Modelling economic risks in megaproject construction: a systemic approach.
Ahiaga-Dagbui, Dominic D.
Ogunlana, O. Stephen
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BOATENG, P., AHIAGA-DAGBUI, D. D., CHEN, Z. and OGUNLANA, S. O., 2015. Modelling economic risks in megaproject construction: a systemic approach. In: A. RAIDEN and E. ABOAGYE-NIMO, eds. Proceedings of the 31st Annual ARCOM Conference. 7-9 September 2015. Nottingham: Association of Researchers in Construction Management. Pp. 115-124.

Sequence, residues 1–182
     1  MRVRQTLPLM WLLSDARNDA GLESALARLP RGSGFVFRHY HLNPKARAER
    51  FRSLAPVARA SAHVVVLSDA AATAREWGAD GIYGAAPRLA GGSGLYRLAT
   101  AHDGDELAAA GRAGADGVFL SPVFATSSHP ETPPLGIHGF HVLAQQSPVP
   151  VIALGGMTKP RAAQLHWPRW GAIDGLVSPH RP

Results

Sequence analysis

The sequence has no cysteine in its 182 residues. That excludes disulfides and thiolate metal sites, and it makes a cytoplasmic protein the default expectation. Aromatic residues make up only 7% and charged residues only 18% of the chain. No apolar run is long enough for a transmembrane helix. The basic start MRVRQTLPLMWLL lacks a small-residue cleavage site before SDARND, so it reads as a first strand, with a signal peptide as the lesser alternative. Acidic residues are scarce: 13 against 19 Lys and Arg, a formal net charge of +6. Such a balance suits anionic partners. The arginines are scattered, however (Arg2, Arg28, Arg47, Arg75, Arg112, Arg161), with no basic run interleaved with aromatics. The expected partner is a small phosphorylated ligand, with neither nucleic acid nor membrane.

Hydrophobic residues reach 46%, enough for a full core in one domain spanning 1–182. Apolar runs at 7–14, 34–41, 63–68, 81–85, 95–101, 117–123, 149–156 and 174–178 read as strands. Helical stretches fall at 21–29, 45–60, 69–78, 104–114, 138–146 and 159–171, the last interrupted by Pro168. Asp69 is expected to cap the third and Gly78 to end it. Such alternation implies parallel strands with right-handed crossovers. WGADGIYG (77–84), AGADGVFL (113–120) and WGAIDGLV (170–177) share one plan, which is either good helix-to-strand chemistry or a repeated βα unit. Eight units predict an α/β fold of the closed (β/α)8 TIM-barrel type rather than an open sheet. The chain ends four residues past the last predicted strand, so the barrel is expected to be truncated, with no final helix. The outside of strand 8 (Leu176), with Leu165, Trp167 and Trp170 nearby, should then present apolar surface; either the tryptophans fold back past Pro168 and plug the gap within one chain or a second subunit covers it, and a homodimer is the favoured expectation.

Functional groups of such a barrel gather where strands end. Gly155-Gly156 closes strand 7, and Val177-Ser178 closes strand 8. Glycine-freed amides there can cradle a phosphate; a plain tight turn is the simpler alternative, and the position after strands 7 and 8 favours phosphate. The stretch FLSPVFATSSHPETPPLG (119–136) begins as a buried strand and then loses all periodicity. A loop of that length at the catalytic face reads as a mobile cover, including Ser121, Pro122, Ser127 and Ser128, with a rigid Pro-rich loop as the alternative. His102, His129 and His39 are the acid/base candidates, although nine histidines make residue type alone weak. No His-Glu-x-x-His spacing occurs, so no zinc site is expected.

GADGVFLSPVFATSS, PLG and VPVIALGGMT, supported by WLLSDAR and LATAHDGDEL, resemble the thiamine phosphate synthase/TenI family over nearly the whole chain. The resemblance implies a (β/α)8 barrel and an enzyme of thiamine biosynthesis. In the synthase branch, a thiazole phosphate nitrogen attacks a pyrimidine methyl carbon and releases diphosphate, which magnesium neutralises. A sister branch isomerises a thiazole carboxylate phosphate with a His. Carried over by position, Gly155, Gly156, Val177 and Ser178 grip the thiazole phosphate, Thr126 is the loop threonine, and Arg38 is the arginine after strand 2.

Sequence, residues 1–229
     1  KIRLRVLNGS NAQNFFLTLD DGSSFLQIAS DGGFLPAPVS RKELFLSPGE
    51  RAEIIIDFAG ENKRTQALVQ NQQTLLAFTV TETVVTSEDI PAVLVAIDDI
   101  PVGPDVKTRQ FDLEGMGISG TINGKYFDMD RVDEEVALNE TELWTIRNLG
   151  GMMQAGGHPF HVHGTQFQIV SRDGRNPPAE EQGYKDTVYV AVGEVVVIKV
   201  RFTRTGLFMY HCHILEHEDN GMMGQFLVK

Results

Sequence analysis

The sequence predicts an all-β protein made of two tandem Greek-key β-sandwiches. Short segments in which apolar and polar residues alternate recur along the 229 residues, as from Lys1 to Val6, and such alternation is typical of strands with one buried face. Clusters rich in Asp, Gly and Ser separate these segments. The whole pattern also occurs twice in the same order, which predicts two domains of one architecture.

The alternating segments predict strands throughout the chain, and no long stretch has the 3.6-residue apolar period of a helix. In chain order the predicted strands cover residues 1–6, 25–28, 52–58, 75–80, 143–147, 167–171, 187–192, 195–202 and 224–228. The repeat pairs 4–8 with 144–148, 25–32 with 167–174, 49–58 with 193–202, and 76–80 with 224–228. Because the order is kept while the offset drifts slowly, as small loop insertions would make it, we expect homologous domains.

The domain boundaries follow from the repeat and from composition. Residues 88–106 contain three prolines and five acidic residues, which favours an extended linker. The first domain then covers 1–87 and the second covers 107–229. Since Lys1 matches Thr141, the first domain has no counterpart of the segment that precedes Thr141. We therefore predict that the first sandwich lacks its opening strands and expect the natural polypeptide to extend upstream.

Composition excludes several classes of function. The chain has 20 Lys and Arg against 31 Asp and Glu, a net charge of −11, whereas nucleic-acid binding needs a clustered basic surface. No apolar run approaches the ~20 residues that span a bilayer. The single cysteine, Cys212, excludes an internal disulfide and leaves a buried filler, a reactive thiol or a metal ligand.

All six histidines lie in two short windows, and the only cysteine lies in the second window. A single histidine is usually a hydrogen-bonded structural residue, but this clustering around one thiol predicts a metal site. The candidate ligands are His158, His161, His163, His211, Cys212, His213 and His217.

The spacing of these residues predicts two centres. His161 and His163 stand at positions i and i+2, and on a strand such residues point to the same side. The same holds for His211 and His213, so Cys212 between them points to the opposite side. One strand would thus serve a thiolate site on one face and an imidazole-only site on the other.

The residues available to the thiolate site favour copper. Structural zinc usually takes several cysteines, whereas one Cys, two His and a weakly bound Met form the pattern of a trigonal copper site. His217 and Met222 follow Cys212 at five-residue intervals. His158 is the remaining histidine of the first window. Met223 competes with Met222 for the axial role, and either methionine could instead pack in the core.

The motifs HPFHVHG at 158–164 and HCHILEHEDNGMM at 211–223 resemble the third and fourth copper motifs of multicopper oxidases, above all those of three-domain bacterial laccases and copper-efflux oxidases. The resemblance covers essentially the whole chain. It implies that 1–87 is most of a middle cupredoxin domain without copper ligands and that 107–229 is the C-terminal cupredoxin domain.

Megaprojects present significant economic risks to their financiers and sponsors. Factors such as inflation, cash flow issues, material and energy price hikes and change in government policies can cause such capital intensive projects to overrun planned budget and schedule allocations. Where the project is a commercial asset, delayed completion time and cost overruns usually have significant impact on the profitability of the project as well as the estimated returns on investment over the operational phase of the project. Understanding the dynamics of specific risks can thus be very crucial in designing containment measures to deal with their likely impact on the project. Using a case-study of the Edinburgh Trams project in Scotland, the dynamics of identified economic risks in transportation megaprojects is presented. Through the combination of interviews, questionnaires and non-participant observation, different economic risk factors were first identified. The identified factors were then prioritised using Analytical Network Process (ANP) to establish the most salient economic variables on the Tram project. Some of these factors include material and energy price increases as a result of the 2008 recession, as well as inflation and changes in government funding policies. The selected factors from the ANP were then modelled within a System Dynamics (SD) framework to appraise their measured economic impact on the project to gain a fuller understanding of the interrelationships between the variables in the system. The mean impact of economic risks on Edinburgh Trams was estimated to be about 22%.